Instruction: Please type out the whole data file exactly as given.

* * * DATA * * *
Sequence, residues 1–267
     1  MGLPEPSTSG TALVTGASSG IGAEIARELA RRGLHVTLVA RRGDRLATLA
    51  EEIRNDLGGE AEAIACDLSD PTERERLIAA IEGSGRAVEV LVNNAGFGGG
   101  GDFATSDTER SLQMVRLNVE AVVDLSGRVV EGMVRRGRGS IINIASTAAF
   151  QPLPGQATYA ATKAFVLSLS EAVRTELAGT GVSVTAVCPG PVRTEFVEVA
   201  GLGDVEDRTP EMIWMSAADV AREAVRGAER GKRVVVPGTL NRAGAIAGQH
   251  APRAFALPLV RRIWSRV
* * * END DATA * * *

Sequence, residues 1–267
     1  MGLPEPSTSG TALVTGASSG IGAEIARELA RRGLHVTLVA RRGDRLATLA
    51  EEIRNDLGGE AEAIACDLSD PTERERLIAA IEGSGRAVEV LVNNAGFGGG
   101  GDFATSDTER SLQMVRLNVE AVVDLSGRVV EGMVRRGRGS IINIASTAAF
   151  QPLPGQATYA ATKAFVLSLS EAVRTELAGT GVSVTAVCPG PVRTEFVEVA
   201  GLGDVEDRTP EMIWMSAADV AREAVRGAER GKRVVVPGTL NRAGAIAGQH
   251  APRAFALPLV RRIWSRV